The Traktor Kontrol F1 introduces something completely new to the world of DJing, but it won’t be something that appeals to everyone. The F1 can be used as your only controller for both the Track Decks and the Remix Decks, with a useful overlay for the former workflow, and there’s even a Midi mode for mapping to other software entirely. A whole new concept of DJing, controlling banks of samples which act like a single track for crossfading, tempo control, scratching etc. It’s well executed and there’s a learning curve, but if the idea inspires you, it’s worth investigating further.
First Impressions / Setting up
Just like when the Kontrol S4 was released with the Sample Decks and Loop Recorder, the big new feature of Traktor Pro 2.5 – the Remix Decks – really make sense when combined with their intended hardware controller, the Kontrol F1.
The hardware is a similar size and shape as the Kontrol X1 and has simply one USB socket as its sole I/O. It’s designed to sit alongside your existing set-up solely to unlock the Remix Decks (although there are an overlay and user-editable mode that turns it into a controller for “normal” or “Track” decks).
It’s all standard NI in look, feel and construction quality. Plugged in, the red two-digit LED will feel familiar, the 16 multi-colour LED pads being bright enough (with two brightness settings) to induce an immediate “wow” factor when plugged in.
The first thing to note is that one Kontrol F1 controls one Remix Deck. Let’s remember how you’ll have Traktor set up: You’ll probably be DJing with two “Track Decks” and two “Remix Decks”. Each “Remix Deck” has four slots (like the sample decks of old) corresponding to the four faders and filters at the top of the F1.
The pads, meanwhile, control the 16 individual samples in each slot. (You can scroll down through four “pages” per channel, with a deft white line that moves horizontally up or down to indicate scrolling. I liked this.)
Now, while it is easy to switch your F1 between two (or indeed four) remix decks, it is not possible to control your Remix Decks simultaneously with one unit. A bit like controlling two deck layers with one set of transport controls, you’ll have to deftly swap layers to achieve something close to this.
Of course, you could just buy a second F1, and I suspect that is what power users will do. If you were a total power user, and beatgridded EDM was the name of your game, a powered USB hub with two X1s and four F1s would give you transport and sample control over four remix decks for a complete sample-based performance. The mind boggles…
More likely, though, your transport will be handled by your existing Midi controller for all your decks, Track or Remix, as befits the paradigm of the F1 unlocking the internal elements of a “Remix Deck” that is treated as a single, complete track by your main DJ controller.
As such there are no dedicated transport controls on the F1 – but it does have individual mute/stop buttons for each of the four lines, which are right at the bottom of the unit. Having said that, the aforementioned controller or “User Map” mode is accessible by a simple two-key action and does let you control the track decks, making this mode similar to the control set you’d get on an X1.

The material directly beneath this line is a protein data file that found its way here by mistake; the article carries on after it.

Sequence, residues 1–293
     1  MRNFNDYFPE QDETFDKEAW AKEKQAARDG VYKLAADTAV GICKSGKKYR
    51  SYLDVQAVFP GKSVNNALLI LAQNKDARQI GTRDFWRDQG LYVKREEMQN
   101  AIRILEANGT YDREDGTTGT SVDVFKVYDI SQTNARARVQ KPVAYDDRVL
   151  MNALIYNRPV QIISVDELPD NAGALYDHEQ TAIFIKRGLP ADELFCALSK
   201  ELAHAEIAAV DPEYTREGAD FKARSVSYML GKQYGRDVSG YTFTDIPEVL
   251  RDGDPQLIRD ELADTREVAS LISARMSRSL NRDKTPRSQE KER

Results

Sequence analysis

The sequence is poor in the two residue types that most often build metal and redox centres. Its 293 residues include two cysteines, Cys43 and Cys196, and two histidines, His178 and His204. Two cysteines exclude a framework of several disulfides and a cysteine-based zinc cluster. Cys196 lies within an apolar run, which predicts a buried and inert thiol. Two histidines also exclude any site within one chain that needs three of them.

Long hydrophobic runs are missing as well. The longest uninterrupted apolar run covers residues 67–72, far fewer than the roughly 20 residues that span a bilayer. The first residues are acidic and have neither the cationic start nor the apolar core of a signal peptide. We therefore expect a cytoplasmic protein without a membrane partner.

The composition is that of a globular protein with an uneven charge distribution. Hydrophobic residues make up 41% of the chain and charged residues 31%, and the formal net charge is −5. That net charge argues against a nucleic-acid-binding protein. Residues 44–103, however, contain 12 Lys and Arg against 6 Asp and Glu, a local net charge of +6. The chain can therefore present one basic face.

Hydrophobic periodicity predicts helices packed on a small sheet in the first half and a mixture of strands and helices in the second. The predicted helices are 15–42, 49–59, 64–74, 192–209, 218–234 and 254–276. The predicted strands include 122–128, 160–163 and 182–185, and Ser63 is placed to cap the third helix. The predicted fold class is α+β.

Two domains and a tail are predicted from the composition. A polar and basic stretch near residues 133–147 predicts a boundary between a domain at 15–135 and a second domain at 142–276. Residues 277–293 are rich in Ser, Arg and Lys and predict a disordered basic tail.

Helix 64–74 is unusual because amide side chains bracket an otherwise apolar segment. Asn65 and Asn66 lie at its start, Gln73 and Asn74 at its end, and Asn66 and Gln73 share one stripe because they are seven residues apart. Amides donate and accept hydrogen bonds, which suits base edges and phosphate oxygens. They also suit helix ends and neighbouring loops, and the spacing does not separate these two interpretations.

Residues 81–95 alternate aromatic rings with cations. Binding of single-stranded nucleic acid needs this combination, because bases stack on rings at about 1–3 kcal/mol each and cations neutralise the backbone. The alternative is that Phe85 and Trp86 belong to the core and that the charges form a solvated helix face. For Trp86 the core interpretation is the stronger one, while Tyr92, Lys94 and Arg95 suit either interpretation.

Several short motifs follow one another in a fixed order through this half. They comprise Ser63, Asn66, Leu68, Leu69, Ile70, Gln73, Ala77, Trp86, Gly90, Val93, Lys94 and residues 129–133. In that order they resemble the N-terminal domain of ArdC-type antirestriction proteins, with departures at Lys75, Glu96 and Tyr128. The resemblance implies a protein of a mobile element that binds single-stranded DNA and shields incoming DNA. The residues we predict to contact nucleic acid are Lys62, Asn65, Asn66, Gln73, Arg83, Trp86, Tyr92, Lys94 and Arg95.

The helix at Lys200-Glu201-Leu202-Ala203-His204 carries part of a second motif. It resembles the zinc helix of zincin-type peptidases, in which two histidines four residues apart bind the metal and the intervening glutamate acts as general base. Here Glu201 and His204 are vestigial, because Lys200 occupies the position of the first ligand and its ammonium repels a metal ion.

As this switching can be done “on the fly”, I can see the F1 appealing to minimalists or indeed to digital vinyl users, for roughly the same reason: one single slimline unit could control all of your Remix Decks as well as offer rudimentary transport controls.
Maybe NI was right to not open mapping up just yet…
Once you dig deeper into the features, you can sympathise with NI’s assertion that the hardware/software mapping of the F1 is too intricate to open up to everyone via the mapping configuration panel quite yet. For instance, you can map individual samples to colours on the F1, and these colours are reflected in the sample slots on screen. (Having colour sets for percussion, vocal, bass and stabs, for instance, would help you to keep everything visually organised.) You can also adjust individual sample pitch (speed), key, volumes (absolute and relative), quantising, type (one-shot, loop, single play) and a handful of other characteristics.
I guess NI decided that opening the ability to program all of this up to the masses was a step too far at launch, and even if you don’t agree, you can sympathise with such a position, especially when you consider the improvements needs in Traktor mapping in general.
The F1 can be used as your only controller for both the Track Decks and the Remix Decks, with a useful overlay for the former workflow, and there’s even a Midi mode for mapping to other software entirely.
Just like the X1 took on a life of its own after launch, with DJs putting it to all kinds of uses that nobody could have envisaged, I suspect the F1 will again grow into itself, with certain workflows becoming dominant and other ideas maybe ending up being non-starters. The beauty for NI is that it can now build on the platform with software and even firmware upgrades to suit how people end up using it.
As a product bridge between between NI’s own Maschine and the world of Traktor, Traktor Pro 2.5 and the Kontrol F1 fits the bill nicely. Let’s be honest, many DJs use Maschine as a glorified sample trigger device. This is going to appeal squarely to such people.
Taken together, Traktor Pro 2.5 with the Kontrol F1 represent a bold move for Native Instruments, shifting the company’s DJ solution into a new space. This is definitely something to be commended.
How much DJs choose to take the whole new set of possibilities offered to them to their hearts, and where they decide to run with it, are two things that remain to be seen.